“This crime goes under reported because there’s so many psychological and emotional dynamics that go into it,” Schimel said. “Removing this barrier is an important piece to giving victims confidence that they’ll find a system that’s ready to listen to them.”

Current campus policies are seen as a deterrent to reporting sexual assaults that involve underage drinking. The bill would put the current UW Madison policy in place across the UW System, where Chancellor Rebecca Blank says efforts to encourage reporting sexual assaults have been ongoing.

“We have been telling them that if you are drinking but helping a freind, we will focus on the sexual assault issue, and not on the drinking issue,” Blank said. “This (not issing tickets for underage drinking) is understood to be the process across most jurisdictions of Wisconsin,” said the bill’s author, state Representative Joan Balweg (R-Markesan). “But by doing this particular legislation, we’re making sure thart we have the force of law, to make sure that there will not be any citations in those kinds of situations.”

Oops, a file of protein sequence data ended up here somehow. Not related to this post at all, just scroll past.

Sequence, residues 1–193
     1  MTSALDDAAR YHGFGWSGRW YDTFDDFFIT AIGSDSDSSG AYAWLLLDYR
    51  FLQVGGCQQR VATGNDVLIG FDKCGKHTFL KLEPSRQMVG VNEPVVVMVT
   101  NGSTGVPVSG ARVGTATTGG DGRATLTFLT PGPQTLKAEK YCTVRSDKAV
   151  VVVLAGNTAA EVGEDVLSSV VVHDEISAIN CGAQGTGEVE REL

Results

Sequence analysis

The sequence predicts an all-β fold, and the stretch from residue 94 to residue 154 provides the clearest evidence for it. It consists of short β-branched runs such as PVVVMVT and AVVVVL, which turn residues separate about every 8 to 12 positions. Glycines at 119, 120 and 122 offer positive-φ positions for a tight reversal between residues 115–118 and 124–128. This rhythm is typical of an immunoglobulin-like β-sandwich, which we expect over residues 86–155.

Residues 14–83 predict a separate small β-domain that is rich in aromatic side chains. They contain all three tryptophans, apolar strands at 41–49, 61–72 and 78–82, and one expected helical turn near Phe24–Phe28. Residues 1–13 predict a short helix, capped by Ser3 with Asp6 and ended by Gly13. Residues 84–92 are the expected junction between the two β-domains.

Balweg and Senator Fred Risser (D-Madison) offered more broadly written legislation in 2013, which would have taken tickets off the table for UW System students who sought help for dangerously intoxicated friends. That bill failed to advance. Schimel said this more narrowly focused legislation is is needed due the under reported nature of sexual assault.

Lawmaker wants WIAA under open records law

Rep. John Nygren

Rep. John Nygren